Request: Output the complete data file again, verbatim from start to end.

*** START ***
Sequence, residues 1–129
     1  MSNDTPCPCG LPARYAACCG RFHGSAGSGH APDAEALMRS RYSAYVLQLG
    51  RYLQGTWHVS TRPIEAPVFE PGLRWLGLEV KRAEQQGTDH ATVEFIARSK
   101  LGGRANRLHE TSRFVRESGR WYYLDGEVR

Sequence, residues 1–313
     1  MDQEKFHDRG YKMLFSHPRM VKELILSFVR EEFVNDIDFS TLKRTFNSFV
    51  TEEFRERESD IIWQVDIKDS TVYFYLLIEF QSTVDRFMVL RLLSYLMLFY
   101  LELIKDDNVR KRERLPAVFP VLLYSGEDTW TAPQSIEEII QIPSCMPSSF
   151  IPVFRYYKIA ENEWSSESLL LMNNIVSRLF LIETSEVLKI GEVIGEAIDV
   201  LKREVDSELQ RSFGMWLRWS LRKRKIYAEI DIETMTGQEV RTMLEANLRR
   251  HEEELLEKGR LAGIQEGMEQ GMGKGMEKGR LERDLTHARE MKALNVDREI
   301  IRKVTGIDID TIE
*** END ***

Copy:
Sequence, residues 1–129
     1  MSNDTPCPCG LPARYAACCG RFHGSAGSGH APDAEALMRS RYSAYVLQLG
    51  RYLQGTWHVS TRPIEAPVFE PGLRWLGLEV KRAEQQGTDH ATVEFIARSK
   101  LGGRANRLHE TSRFVRESGR WYYLDGEVR

Sequence, residues 1–313
     1  MDQEKFHDRG YKMLFSHPRM VKELILSFVR EEFVNDIDFS TLKRTFNSFV
    51  TEEFRERESD IIWQVDIKDS TVYFYLLIEF QSTVDRFMVL RLLSYLMLFY
   101  LELIKDDNVR KRERLPAVFP VLLYSGEDTW TAPQSIEEII QIPSCMPSSF
   151  IPVFRYYKIA ENEWSSESLL LMNNIVSRLF LIETSEVLKI GEVIGEAIDV
   201  LKREVDSELQ RSFGMWLRWS LRKRKIYAEI DIETMTGQEV RTMLEANLRR
   251  HEEELLEKGR LAGIQEGMEQ GMGKGMEKGR LERDLTHARE MKALNVDREI
   301  IRKVTGIDID TIE